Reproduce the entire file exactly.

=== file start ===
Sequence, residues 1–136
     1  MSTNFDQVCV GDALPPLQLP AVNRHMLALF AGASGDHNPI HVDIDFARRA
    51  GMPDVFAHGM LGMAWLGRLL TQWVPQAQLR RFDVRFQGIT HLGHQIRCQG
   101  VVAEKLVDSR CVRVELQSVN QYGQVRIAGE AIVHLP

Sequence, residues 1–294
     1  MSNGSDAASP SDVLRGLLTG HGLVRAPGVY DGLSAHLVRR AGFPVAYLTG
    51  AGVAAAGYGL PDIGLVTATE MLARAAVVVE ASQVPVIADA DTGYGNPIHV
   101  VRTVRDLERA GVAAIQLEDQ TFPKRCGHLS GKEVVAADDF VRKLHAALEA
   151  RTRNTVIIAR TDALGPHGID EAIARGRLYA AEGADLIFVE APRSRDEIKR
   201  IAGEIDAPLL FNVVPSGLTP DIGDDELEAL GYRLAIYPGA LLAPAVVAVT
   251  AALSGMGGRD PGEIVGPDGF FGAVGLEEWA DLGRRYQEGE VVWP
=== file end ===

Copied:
Sequence, residues 1–136
     1  MSTNFDQVCV GDALPPLQLP AVNRHMLALF AGASGDHNPI HVDIDFARRA
    51  GMPDVFAHGM LGMAWLGRLL TQWVPQAQLR RFDVRFQGIT HLGHQIRCQG
   101  VVAEKLVDSR CVRVELQSVN QYGQVRIAGE AIVHLP

Sequence, residues 1–294
     1  MSNGSDAASP SDVLRGLLTG HGLVRAPGVY DGLSAHLVRR AGFPVAYLTG
    51  AGVAAAGYGL PDIGLVTATE MLARAAVVVE ASQVPVIADA DTGYGNPIHV
   101  VRTVRDLERA GVAAIQLEDQ TFPKRCGHLS GKEVVAADDF VRKLHAALEA
   151  RTRNTVIIAR TDALGPHGID EAIARGRLYA AEGADLIFVE APRSRDEIKR
   201  IAGEIDAPLL FNVVPSGLTP DIGDDELEAL GYRLAIYPGA LLAPAVVAVT
   251  AALSGMGGRD PGEIVGPDGF FGAVGLEEWA DLGRRYQEGE VVWP